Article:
IDEAS home Printed from
   My bibliography  Save this article

Auctions Versus Negotiations in Procurement: An Empirical Analysis


  • Steven Tadelis


Should the buyer of a customized good use competitive bidding or negotiation to select a contractor? To shed light on this question, we consider several possible determinants that may influence the choice of auctions versus negotiations. We then examine a comprehensive data set of private sector building contracts awarded in Northern California during the years 1995--2000. The analysis suggests a number of possible limitations to the use of auctions. Auctions may perform poorly when projects are complex, contractual design is incomplete, and there are few available bidders. Furthermore, auctions may stifle communication between buyers and sellers, preventing the buyer from utilizing the contractor's expertise when designing the project. Some implications of these results for procurement in the public sector are discussed (JEL D23, D82, H57, L14, L22, L74). The Author 2008. Published by Oxford University Press on behalf of Yale University. All rights reserved. For permissions, please email:, Oxford University Press.

Suggested Citation

  • Steven Tadelis, 2009. "Auctions Versus Negotiations in Procurement: An Empirical Analysis," Journal of Law, Economics, and Organization, Oxford University Press, vol. 25(2), pages 372-399, October.
  • Handle: RePEc:oup:jleorg:v:25:y:2009:i:2:p:372-399

    Download full text from publisher

    File URL:
    Download Restriction: Access to full text is restricted to subscribers.

    As the access to this document is restricted, you may want to look for a different version below or search for a different version of it.

    Other versions of this item:

    References listed on IDEAS

    1. Bajari, Patrick & Tadelis, Steven, 2001. "Incentives versus Transaction Costs: A Theory of Procurement Contracts," RAND Journal of Economics, The RAND Corporation, vol. 32(3), pages 387-407, Autumn.
    2. Daniel A. Ackerberg & Maristella Botticini, 2002. "Endogenous Matching and the Empirical Determinants of Contract Form," Journal of Political Economy, University of Chicago Press, vol. 110(3), pages 564-591, June.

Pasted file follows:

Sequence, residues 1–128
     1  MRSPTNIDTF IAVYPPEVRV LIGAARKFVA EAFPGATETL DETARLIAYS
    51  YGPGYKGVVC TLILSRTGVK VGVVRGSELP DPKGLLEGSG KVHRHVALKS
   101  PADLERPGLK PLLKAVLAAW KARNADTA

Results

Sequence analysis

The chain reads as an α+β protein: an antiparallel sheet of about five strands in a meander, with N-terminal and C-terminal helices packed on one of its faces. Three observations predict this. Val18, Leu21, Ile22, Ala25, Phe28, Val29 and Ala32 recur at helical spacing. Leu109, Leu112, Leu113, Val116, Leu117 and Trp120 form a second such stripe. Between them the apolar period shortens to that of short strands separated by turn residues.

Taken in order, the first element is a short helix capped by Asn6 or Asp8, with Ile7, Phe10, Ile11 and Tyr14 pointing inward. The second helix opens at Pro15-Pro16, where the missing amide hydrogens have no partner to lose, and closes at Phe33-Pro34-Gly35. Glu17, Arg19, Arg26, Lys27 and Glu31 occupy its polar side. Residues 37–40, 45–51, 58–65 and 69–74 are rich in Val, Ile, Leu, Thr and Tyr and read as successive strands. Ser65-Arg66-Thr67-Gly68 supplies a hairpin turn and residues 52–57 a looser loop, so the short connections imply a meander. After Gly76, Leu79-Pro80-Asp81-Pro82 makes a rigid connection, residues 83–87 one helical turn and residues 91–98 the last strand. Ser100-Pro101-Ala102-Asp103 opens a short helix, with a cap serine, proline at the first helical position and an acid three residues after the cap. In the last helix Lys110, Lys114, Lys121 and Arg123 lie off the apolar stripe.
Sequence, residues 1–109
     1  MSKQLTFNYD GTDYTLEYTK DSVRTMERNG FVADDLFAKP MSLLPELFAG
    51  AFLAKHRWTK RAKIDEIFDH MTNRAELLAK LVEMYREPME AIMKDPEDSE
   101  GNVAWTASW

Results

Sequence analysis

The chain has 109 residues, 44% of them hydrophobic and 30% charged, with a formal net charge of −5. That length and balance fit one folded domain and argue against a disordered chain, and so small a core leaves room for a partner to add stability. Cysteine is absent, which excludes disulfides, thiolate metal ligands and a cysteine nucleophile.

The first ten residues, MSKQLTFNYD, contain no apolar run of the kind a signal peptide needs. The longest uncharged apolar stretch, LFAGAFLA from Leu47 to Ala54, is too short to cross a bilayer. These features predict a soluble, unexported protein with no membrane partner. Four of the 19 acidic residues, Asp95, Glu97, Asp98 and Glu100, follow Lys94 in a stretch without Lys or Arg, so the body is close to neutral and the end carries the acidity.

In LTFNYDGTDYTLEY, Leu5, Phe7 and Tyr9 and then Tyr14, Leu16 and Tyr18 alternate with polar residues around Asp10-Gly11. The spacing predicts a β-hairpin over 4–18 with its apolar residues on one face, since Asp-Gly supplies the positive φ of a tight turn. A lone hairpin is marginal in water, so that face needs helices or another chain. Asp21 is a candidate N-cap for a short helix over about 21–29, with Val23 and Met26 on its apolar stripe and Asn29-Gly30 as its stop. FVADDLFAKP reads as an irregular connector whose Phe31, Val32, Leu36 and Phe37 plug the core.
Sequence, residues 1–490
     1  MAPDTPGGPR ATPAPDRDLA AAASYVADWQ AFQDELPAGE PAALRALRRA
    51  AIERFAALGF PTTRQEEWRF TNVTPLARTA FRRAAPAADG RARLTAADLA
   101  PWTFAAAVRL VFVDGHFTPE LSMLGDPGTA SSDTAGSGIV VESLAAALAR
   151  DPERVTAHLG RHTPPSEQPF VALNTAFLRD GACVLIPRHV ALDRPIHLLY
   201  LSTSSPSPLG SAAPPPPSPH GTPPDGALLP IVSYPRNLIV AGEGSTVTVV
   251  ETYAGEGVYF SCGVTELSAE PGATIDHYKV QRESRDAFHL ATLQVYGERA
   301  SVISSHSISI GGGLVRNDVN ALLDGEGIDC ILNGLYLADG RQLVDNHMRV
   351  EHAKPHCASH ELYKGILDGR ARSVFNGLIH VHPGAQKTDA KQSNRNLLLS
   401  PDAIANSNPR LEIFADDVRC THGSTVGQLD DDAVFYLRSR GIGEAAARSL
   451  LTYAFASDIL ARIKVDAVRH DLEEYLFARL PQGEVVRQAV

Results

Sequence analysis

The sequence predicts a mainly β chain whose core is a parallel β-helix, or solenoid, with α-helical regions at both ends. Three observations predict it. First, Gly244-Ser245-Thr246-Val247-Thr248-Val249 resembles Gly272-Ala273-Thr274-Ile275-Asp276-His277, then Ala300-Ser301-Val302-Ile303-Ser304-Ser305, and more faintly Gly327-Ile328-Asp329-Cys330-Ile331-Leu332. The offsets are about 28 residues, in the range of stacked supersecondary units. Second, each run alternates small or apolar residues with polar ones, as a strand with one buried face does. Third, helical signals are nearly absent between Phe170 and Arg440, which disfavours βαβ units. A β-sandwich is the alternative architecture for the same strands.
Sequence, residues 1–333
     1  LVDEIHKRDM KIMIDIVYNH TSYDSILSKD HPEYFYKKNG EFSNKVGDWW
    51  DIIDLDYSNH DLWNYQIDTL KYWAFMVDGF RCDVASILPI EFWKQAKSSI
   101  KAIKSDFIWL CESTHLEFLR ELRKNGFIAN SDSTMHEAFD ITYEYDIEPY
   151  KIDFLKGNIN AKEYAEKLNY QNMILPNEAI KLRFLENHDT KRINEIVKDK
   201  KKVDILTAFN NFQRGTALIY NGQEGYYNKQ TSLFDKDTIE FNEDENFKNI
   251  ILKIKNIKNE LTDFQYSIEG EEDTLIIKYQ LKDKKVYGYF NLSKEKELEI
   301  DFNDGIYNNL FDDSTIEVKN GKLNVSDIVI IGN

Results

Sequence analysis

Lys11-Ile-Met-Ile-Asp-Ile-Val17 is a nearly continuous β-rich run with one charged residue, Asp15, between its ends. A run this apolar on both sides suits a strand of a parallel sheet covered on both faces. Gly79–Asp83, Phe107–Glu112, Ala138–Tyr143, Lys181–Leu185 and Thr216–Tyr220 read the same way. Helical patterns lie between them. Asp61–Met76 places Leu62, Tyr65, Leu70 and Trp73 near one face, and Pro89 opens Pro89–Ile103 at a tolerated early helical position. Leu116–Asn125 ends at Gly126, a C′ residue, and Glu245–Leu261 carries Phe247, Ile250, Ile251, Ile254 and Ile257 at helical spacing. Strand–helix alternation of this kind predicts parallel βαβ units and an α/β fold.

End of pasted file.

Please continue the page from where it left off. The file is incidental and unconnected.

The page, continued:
3. Porter, Robert H, 1995. "The Role of Information in U.S. Offshore Oil and Gas Lease Auctions," Econometrica, Econometric Society, vol. 63(1), pages 1-27, January.
    4. William P. Rogerson, 1994. "Economic Incentives and the Defense Procurement Process," Journal of Economic Perspectives, American Economic Association, vol. 8(4), pages 65-90, Fall.
    5. Manelli, Alejandro M & Vincent, Daniel R, 1995. "Optimal Procurement Mechanisms," Econometrica, Econometric Society, vol. 63(3), pages 591-620, May.
    6. Milgrom, Paul & Shannon, Chris, 1994. "Monotone Comparative Statics," Econometrica, Econometric Society, vol. 62(1), pages 157-180, January.
    7. Patrick Bajari & Lixin Ye, 2001. "Competition Versus Collusion in Procurement Auctions: Identification and Testing," Working Papers 01001, Stanford University, Department of Economics.
    8. McAfee, R Preston & McMillan, John, 1987. "Auctions and Bidding," Journal of Economic Literature, American Economic Association, vol. 25(2), pages 699-738, June.
    9. Gary Chamberlain, 1980. "Analysis of Covariance with Qualitative Data," Review of Economic Studies, Oxford University Press, vol. 47(1), pages 225-238.
    Full references (including those not matched with items on IDEAS)

    More about this item

    JEL classification:

    • L0 - Industrial Organization - - General
    • D23 - Microeconomics - - Production and Organizations - - - Organizational Behavior; Transaction Costs; Property Rights


    Access and download statistics


    All material on this site has been provided by the respective publishers and authors. You can help correct errors and omissions. When requesting a correction, please mention this item's handle: RePEc:oup:jleorg:v:25:y:2009:i:2:p:372-399. See general information about how to correct material in RePEc.

    For technical questions regarding this item, or to correct its authors, title, abstract, bibliographic or download information, contact: (Oxford University Press) or (Christopher F. Baum). General contact details of provider: .

    If you have authored this item and are not yet registered with RePEc, we encourage you to do it here. This allows to link your profile to this item. It also allows you to accept potential citations to this item that we are uncertain about.

    If CitEc recognized a reference but did not link an item in RePEc to it, you can help with this form .

    If you know of missing items citing this one, you can help us creating those links by adding the relevant references in the same way as above, for each refering item. If you are a registered author of this item, you may also want to check the "citations" tab in your RePEc Author Service profile, as there may be some citations waiting for confirmation.

    Please note that corrections may take a couple of weeks to filter through the various RePEc services.

    IDEAS is a RePEc service hosted by the Research Division of the Federal Reserve Bank of St. Louis . RePEc uses bibliographic data supplied by the respective publishers.